About Fragrances and Stats

Interested in a candle, but unsure what it's going to smell like? Interested in designing a custom blend, but not quite sure how to describe it? Here's a few ways to know what you're getting. 

Fragrance Notes

- If you're looking for exactly what a candle will smell like, check the different notes on each page. Most scents use the same oils and compounds found in real substances to bring out recognizable smells, combining several layers together for something unique.

- A Top note is a first impression, the most volatile and quickly recognised scents, but fade quickly. They're usually fresh and sharp, including most citrus and herbal smells.

- The Middle notes are rounded and smooth scents that are picked up just after the top notes. They take the edge off the top notes, and stay around for longer. Many floral, spiced and sweet fragrances show up here.

- Finally, Base notes are heavy and persistent, showing up subtly after a candle has been burning for a time, and lingering long after. They're often rich and earthy, like woods, incense, and vanilla.

- If you're designing a custom fragrance for your own character, then you can expect the profile of your OC-CC candle to work in these layers. If you describe a dominant scent or two, we'll develop a custom blend that ties it all together.

Fragrance Stats

- We've identified six categories that almost all fragrances can be broken down into: Sweet, Floral, Earthy, Citrus, Fresh and Spiced.

An example block of fragrance stats

- All candles at Planeshift come with a stat block like this, breaking down the sorts of scents you can expect, and how strong they are compared to each other.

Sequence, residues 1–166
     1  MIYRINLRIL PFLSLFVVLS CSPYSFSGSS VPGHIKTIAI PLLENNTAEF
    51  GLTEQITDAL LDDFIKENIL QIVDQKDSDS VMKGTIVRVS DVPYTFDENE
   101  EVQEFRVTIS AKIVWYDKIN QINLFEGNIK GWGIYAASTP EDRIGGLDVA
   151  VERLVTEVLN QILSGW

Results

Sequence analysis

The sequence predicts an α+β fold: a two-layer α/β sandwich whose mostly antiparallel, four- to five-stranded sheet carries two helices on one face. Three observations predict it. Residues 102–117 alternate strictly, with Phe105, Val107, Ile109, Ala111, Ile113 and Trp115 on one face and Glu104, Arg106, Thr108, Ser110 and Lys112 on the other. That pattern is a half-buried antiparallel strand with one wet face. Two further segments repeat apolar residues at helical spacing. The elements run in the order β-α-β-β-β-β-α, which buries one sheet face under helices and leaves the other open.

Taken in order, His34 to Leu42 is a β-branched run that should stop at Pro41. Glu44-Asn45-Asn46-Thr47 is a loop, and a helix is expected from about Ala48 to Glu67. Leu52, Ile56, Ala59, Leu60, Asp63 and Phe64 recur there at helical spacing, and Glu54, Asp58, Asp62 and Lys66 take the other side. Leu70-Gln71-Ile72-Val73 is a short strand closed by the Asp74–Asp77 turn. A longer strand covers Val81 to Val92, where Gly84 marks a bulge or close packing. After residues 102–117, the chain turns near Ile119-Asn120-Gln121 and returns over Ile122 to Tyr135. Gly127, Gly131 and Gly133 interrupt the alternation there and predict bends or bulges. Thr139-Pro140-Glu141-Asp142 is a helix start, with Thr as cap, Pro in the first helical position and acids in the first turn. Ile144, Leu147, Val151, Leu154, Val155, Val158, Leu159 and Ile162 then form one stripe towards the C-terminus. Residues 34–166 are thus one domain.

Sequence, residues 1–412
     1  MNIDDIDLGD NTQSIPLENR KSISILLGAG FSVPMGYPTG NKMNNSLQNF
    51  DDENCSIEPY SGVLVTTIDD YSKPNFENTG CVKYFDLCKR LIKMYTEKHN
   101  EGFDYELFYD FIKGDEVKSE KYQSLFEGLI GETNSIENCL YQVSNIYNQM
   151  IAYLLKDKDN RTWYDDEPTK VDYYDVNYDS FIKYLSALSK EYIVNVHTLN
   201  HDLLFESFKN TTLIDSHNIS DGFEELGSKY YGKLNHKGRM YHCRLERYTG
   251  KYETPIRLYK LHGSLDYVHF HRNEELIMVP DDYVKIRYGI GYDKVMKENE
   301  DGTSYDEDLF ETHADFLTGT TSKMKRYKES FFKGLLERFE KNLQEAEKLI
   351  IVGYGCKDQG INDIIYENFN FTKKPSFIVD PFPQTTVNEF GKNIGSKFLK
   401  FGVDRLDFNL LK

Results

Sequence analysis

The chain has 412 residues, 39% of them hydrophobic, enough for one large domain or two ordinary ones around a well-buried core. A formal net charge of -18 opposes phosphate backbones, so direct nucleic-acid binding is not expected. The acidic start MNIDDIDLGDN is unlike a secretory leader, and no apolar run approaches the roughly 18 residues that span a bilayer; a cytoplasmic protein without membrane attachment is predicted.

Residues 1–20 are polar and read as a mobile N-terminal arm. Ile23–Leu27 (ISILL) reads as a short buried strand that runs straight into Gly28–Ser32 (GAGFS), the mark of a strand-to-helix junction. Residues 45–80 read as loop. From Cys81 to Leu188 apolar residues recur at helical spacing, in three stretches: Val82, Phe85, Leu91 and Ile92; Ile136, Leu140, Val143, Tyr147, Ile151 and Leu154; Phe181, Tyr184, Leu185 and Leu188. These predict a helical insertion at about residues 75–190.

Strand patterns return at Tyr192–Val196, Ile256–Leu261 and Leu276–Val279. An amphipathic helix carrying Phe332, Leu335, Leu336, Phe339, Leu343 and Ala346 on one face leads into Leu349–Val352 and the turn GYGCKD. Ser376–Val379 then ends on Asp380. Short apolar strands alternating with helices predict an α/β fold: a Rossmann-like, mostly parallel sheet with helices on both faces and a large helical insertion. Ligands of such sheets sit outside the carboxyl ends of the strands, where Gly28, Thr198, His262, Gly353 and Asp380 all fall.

- If you're unsure exactly what scents you're looking for in a custom blend, or can't picture quite how a set of notes will all come together, the stat block is a great reference!



Not sure what a particular note will smell like, or want some ideas for a custom blend? Look here for inspiration!


- Sweet scents are often fruity, edible and flavourful. Usually around the top to middle notes, they're quickly recognized, and give a pleasant and mellow feel.

- Examples include strawberries, apple, caramel, bread, chocolate, vanilla, raspberry, orange, butterscotch, grapefruit, peach, cola and bubblegum.


- Floral scents are rounded, classic middle notes, recognizable and smelling like fresh-cut flowers, with a huge variety of nuance and unique scents.

- Examples include rose, jasmine, iris, ylang ylang, lavender, patchouli, lilac, gardenia, orange blossom, honeysuckle, lily and frangipani.


- Earthy scents are rich, heavy typical base notes, smelling organic and natural. Many are reminiscent of wood, animals and earth, and can blend other notes together or stand out powerfully. 

- Examples include sandalwood, musk, amber, incense, wood smoke, resin, moss, cedar, leather, tobacco, oudh wood, vetiver, and maple.


- Citrus scents are sharp, attention-grabbing and usually top notes. Often fruity but not always sweet, they cut through heavier fragrances and before fading into softer notes.

- Examples include lemon, lime, bergamot, lemongrass, orange, neroli, lemon myrtle, yuzu, verbena, blood orange, and zest. 


- Fresh scents are natural, clean and bright, and often quite subtle. Covering many herbs, open and aquatic fragrances, they usually don't dominate but add a lot to a blend. 

- Examples include peppermint, ocean, driftwood, pine, eucalyptus, spearmint, sage, basil, camphor, sea salt, crushed leaves, fresh air and rainwater.


- Spiced scents are warm and lingering, adding a lot of body and impact to a fragrance blend. Usually strong, flavourful and reminiscent of food and beverages, or fire and heat.

- Examples include cinnamon, coffee, cloves, beer, rum, bay leaf, pepper, tea leaves, star anise, mustard, cumin, gin and coriander.